Religious Funds Struggle for Earthly Rewards
A small but growing number of mutual funds try to balance seemingly contradictory aims: promoting religious goals and making money. But just as the funds' philosophies differ, their performance ranges from impressive to anemic. In most cases, they don't offer anything close to financial salvation for investors.
Most of the funds are less than 10 years old, and almost all have less than $100 million in assets, a figure many regard as the benchmark for profitability. But the number of offerings has grown, along with the increasing segmentation of the mutual fund market.
Indeed, it's now possible to own not just a fund focused on small-cap value stocks but a fund oriented towards small-cap blend stocks that is in sync with the sensibilities of conservative Christians (the (TPLNX)Timothy Plan Small Cap Value fund).
Since 2000, at least 16 religion-oriented investing products have debuted, including institutional funds and indexes. They range from the (IMANX)Dow Jones Islamic Index to the Timothy Plan Aggressive Growth fund, which targets conservative Christians.
The Birth of Retail Religious FundsFor decades, many religious institutions have screened their pensions and endowments for companies they would define as undesirable, such as weapons manufacturers and alcohol companies. In the 1990s such religious institutions decided to offer the same options to their members amid a surge of retail interest in mutual funds. Religious funds also have ridden the coattails of increased awareness in socially responsible investing (which, in turn, received a promotional boost from earlier anti-apartheid campaigns). "This is a subsector that has benefited from the rise in other socially responsible funds," says Catherine Hickey, an analyst at Morningstar. "Over the last few years, people have gotten savvier about their available options as far as [fund] investments. They know you can invest with your values and conscience." Investors in religious funds tend to be "sensitized to the fact that as investors, they're really an owner of a company, and along with ownership privileges come responsibilities," says John Liechty, president of MMA Praxis funds, which caters to Mennonites and other Anabaptists. "As owners, they are responsible for management decisions, and when there's some conflict with their own faith, they have a responsibility to speak up." At least in some cases, religious funds appear to be attracting investors away from mainstream investments. When MMA Praxis rolled out its mutual funds back in 1994, some of the money inflow from retail investors had "probably been stuck away in CDs," says Liechty. More recently, the funds have received rollovers of retirement plans from major wirehouses and no-load mutual fund companies. The fund family now manages about $320 million in four mutual funds.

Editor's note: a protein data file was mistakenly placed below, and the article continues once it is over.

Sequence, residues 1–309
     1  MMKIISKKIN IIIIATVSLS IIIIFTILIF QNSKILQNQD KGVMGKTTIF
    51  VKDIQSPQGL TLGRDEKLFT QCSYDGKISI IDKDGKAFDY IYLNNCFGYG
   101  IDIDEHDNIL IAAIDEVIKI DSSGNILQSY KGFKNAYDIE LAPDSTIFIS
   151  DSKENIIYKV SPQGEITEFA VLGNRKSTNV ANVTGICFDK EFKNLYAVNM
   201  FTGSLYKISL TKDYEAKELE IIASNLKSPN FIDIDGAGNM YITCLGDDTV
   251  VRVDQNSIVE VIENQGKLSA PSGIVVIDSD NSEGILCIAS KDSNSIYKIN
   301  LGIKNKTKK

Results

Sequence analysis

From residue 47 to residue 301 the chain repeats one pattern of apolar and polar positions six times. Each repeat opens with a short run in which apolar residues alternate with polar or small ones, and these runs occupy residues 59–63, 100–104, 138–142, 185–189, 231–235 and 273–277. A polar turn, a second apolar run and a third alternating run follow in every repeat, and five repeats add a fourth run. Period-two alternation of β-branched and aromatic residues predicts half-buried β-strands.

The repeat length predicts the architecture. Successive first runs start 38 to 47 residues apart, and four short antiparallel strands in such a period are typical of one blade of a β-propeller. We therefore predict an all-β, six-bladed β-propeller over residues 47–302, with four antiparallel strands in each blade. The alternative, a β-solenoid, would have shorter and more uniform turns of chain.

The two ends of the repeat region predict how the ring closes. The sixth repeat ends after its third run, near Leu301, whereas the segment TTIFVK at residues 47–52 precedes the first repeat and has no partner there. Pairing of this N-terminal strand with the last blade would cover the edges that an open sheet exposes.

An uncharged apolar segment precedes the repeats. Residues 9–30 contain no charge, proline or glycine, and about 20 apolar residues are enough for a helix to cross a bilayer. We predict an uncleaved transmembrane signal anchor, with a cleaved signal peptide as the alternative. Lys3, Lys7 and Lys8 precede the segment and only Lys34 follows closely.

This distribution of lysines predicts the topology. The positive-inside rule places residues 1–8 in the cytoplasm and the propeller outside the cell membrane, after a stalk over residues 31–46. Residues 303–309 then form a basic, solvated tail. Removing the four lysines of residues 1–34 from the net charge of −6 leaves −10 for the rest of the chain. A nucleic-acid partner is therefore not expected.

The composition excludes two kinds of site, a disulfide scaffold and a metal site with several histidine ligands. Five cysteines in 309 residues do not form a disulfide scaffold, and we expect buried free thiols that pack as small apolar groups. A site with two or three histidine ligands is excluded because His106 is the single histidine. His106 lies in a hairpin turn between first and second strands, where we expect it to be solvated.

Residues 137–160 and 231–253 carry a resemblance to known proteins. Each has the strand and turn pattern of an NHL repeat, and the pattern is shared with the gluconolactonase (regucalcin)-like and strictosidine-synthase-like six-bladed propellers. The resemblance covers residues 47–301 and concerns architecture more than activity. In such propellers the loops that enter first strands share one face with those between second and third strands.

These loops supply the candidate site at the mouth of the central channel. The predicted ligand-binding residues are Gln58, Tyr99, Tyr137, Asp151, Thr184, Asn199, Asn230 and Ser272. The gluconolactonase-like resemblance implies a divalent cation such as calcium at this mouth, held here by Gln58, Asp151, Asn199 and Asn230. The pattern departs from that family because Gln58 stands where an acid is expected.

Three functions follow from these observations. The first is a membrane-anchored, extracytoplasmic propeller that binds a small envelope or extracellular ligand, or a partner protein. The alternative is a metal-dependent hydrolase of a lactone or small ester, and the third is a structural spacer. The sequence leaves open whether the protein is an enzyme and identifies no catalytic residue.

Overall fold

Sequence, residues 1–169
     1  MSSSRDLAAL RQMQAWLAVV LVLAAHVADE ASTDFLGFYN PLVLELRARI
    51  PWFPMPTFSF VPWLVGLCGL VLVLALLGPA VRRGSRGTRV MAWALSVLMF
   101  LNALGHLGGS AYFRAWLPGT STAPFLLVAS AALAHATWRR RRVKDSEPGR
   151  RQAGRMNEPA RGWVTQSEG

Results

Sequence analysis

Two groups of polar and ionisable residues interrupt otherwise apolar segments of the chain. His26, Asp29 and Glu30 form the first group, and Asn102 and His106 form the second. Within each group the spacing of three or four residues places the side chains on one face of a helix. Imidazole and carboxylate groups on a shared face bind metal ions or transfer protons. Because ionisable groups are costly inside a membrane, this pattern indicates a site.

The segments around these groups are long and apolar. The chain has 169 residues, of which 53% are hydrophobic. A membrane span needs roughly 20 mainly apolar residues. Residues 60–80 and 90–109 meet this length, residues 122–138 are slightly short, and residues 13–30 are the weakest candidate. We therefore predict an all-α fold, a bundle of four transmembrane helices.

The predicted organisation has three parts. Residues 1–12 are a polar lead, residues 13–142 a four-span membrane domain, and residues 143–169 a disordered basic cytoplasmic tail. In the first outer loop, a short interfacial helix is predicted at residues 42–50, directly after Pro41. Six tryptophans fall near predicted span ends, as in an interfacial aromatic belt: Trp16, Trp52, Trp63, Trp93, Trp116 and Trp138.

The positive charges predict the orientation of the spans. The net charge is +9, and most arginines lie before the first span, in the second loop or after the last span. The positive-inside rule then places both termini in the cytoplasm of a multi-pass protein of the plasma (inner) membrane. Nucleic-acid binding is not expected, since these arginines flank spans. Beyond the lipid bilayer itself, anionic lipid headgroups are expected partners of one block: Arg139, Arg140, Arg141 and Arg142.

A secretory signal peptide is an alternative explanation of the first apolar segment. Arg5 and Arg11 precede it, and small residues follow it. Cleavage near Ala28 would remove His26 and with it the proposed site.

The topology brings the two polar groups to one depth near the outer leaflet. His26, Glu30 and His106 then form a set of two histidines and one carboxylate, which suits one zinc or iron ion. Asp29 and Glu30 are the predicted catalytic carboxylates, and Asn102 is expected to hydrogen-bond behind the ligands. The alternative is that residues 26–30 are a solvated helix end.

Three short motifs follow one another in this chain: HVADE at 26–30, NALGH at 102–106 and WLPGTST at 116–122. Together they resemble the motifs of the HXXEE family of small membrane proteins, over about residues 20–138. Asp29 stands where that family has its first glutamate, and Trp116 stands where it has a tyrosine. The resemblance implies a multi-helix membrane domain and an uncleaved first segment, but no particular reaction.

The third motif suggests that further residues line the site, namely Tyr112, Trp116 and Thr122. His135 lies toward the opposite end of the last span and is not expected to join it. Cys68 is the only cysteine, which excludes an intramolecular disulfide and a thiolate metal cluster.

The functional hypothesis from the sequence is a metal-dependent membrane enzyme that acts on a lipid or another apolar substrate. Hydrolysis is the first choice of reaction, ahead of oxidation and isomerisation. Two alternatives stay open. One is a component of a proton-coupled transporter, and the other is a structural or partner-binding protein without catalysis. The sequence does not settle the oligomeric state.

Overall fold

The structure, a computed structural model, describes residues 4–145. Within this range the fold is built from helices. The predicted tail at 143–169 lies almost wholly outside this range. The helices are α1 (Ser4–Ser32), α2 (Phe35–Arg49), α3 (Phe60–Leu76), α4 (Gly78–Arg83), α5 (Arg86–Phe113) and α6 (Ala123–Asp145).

Selling the GospelFund companies with a spiritual bent pitch their products with varying degrees of religious ardor. MAA Praxis is relatively straightforward in its approach, telling investors it seeks to balance "a need for productive use of financial resources with a deep-seated concern for others." The tiny, $13 million (NOAHX)Noah fund, which appeals to conservative Christians, opts for a bolder approach. A message on its Web site announces, "Hallelujah, we believe the Noah Fund is a gift from God that could be your answer to Biblically-based investing." Amid sagging markets last spring, the president of the Noah fund invoked religious language in a letter appealing investors not to bail out of the fund. "'Stay the course' in Noah's ark is our strategy because: In God, we most certainly do trust," wrote William Van Alen Jr. The fund's five-year record lands it in the bottom 38% of large-cap growth funds.
Shunning Sin StocksTo some degree, different religious funds agree on stocks they won't own. Whether Catholic, Anabaptist, Muslim or Christian, they all largely avoid securities associated with alcohol, gambling, pornography and tobacco. MMA Praxis and Aquinas Funds (which targets Catholic investors) also shun military contractors.
Performance of Religious FundsA common criticism of religious funds is that their spiritual mission can get in the way of profit-making goals. Managers of the funds disagree, citing academic research that found little difference in performance between mainstream funds and those that focus on socially responsible investing. But in fact, performance varies widely among the funds that have been around for at least five years, all of which have different restrictions on the stocks they'll own. (AMAGX)Amana Growth, which is marketed to Islamic investors, is probably the best of the bunch. Its returns over the past five years average 14.32%, ranking it in the top 4% of large-cap funds. Still, its operating expenses of 1.80% are considerably higher than the average of 1.38% for all equity funds.
|Fund||Ticker||5-Year Total Return||% Rank in Category (1 is best, 100 is worst)||Fund Category||Operating Expenses||Asset Size
|Amana Mutual Funds Trust Growth||AMAGX||14.32%||4%||Large growth||1.80%||$26|
|Aquinas Equity Growth||AQEGX||9.66||30||Large growth||1.41||54|
|Noah Fund||NOAHX||6.43||62||Large growth||2.20||13|
|Lutheran Brotherhood||LUBRX||6.83||74||Large blend||0.84 plus 4.0% sales charge||976|
|MMA Praxis Growth||MMPGX||6.56||77||Large blend||1.75 plus 4.0% deferred sales charge||132|
|Timothy Plan Small-Cap Value||TPLNX||6.10||83||Small blend||1.60 plus 5.50% sales charge||17|
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